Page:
January 21, 2009 / 12:04 PM / 9 years ago

Zimbabwe farm output to continue sharp fall: union

<p>Zimbabwean Herbert Nyahanana digs out weeds in a maize field on the outskirts of the capital Harare, February 21, 2006. REUTERS/Howard Burditt</p>

HARARE (Reuters) - Zimbabwe faces another huge food deficit in 2009 due to continued falls in farm production, mounting political uncertainty and economic instability, a report by a farmers’ union said on Wednesday.

The southern African country is battling hyperinflation and has endured food shortages since 2000, when President Robert Mugabe’s government began seizing farms from whites to resettle landless blacks.

A power-sharing deal signed by Mugabe and opposition leader Morgan Tsvangirai last September looks fragile due to bickering over control of key cabinet posts, dimming hopes the ruined economy will be rescued.

The Commercial Farmers’ Union (CFU), which represents most of the few remaining white commercial farmers, said agricultural output would continue to fall sharply until the country’s political crisis was resolved.

“Investment in agriculture is long-term and its risk factor very high, therefore under the present unstable conditions prevailing in Zimbabwe at the moment, production in all sectors is expected to be extremely low this season,” the CFU said in a report.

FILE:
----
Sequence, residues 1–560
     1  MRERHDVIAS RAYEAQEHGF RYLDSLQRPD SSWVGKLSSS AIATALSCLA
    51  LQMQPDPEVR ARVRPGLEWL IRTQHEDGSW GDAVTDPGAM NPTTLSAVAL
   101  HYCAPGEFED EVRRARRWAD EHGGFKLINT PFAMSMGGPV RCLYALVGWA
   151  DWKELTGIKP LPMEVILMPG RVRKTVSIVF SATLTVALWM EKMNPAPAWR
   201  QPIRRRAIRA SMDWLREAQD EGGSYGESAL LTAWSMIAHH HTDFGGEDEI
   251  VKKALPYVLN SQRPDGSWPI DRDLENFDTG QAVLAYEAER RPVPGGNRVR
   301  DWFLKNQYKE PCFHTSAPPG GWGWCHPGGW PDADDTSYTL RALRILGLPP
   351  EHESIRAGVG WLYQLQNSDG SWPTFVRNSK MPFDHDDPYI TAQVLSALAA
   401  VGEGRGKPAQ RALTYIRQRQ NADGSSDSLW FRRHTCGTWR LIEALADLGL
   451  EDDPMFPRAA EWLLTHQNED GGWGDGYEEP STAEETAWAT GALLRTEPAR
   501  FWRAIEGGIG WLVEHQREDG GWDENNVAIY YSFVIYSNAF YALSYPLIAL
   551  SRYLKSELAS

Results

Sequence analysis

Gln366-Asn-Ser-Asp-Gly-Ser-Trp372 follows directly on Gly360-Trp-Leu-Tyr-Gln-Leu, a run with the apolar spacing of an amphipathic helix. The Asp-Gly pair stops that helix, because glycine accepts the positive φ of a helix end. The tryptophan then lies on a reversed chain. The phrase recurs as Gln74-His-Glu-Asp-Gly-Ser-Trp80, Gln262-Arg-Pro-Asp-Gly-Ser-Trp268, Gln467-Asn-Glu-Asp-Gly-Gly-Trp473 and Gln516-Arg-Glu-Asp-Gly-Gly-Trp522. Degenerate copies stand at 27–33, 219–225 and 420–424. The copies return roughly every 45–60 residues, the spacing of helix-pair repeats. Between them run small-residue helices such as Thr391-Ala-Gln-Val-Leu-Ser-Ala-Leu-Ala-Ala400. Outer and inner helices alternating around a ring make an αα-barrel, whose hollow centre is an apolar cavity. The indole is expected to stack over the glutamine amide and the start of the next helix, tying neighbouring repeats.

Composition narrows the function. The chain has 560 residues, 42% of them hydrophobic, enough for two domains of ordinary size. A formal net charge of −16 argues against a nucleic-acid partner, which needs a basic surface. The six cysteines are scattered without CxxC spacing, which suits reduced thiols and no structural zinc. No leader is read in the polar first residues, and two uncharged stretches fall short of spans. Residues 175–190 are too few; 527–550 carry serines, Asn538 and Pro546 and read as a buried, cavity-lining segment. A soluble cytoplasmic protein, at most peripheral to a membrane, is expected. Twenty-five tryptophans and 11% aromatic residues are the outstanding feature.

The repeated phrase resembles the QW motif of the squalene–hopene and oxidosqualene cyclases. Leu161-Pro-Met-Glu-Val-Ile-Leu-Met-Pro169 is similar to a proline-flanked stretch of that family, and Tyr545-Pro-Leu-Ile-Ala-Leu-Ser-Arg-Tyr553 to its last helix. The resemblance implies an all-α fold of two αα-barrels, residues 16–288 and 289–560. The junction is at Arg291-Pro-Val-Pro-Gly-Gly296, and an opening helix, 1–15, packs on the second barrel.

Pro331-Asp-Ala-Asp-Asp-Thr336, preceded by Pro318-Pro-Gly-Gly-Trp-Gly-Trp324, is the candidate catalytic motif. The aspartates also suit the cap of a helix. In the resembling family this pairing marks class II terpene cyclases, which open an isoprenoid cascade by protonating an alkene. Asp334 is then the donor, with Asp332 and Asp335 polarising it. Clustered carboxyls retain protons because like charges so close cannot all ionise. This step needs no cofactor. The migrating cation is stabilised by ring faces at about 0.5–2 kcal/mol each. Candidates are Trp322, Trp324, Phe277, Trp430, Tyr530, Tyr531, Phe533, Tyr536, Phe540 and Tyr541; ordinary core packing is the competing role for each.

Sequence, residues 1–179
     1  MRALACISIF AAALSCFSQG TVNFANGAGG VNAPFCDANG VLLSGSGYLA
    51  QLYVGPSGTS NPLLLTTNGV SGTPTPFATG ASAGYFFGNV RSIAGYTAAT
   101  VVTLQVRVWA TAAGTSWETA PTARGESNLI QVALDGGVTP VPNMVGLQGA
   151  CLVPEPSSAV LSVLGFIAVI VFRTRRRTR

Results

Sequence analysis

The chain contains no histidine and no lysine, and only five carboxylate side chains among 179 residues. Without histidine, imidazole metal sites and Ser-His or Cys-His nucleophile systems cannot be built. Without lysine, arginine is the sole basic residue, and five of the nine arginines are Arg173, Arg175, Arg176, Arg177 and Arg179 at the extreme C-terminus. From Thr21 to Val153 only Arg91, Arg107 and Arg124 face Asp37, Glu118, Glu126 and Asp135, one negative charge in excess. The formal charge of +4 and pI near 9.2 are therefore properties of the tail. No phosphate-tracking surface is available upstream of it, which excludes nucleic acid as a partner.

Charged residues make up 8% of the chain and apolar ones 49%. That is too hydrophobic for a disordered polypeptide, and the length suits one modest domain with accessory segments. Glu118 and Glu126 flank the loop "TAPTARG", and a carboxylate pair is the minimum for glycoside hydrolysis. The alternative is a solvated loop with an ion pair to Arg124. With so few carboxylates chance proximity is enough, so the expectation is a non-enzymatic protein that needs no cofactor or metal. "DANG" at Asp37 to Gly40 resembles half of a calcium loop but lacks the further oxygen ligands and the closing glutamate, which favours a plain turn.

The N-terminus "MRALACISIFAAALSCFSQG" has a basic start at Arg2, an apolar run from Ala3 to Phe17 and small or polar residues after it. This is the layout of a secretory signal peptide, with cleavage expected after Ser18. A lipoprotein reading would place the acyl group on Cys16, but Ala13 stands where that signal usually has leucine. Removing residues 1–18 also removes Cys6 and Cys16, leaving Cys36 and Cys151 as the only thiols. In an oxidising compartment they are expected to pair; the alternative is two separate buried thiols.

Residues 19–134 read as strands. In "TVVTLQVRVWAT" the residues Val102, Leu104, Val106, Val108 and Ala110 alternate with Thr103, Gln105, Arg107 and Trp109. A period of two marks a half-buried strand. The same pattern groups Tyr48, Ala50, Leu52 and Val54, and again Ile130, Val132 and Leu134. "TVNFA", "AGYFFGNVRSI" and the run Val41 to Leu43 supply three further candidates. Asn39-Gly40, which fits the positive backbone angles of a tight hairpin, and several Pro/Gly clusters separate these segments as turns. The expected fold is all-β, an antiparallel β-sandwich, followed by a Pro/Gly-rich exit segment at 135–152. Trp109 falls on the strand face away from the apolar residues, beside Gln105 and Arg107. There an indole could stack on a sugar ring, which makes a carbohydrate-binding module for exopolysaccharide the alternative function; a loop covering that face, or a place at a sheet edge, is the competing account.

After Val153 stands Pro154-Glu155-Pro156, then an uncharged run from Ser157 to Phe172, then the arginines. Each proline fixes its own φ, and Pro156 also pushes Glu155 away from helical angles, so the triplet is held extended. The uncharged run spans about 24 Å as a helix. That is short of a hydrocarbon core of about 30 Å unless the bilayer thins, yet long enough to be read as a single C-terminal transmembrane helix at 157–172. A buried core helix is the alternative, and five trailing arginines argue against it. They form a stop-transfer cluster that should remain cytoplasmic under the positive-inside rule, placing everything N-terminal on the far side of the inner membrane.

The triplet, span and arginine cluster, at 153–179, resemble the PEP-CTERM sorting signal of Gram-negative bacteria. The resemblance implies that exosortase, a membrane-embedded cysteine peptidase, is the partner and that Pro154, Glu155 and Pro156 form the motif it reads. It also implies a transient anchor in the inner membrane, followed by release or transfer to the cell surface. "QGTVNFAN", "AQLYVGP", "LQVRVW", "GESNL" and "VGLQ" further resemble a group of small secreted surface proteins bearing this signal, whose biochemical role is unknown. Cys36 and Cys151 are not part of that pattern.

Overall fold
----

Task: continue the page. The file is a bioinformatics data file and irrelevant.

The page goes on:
The CFU added that the economic meltdown had also hit farm operations.

“The super-hyperinflation prevailing in the country and the unavailability of cash from the banks has also impacted negatively on any meaningful production this season,” the union said.

The last official inflation rate, for July last year, stood at 231 million percent.

Donor agencies say more than 5 million Zimbabweans, almost half the population, currently rely on food handouts and expect the number to rise following another poor agricultural season.

The United Nations’ World Food Programme (WFP) says its $140 million emergency food aid appeal for Zimbabwe has come up $65 million short.

The CFU said continued disturbances on farms, where some white farmers are still being forced off land or prosecuted for failing to do so, had also hit production.

Less than 500 white farmers remain active on their farms, down from over 6,000 before the land seizures began.

Mugabe’s government has said it would press on with the prosecution and eviction of white farmers still on land earmarked for acquisition, despite a ruling by a regional Southern African Development Community (SADC) tribunal stopping such action.

Critics say Mugabe’s land policies have ruined Zimbabwe’s once prosperous economy, but the veteran ruler says the seizures were meant to reverse colonial land imbalances.

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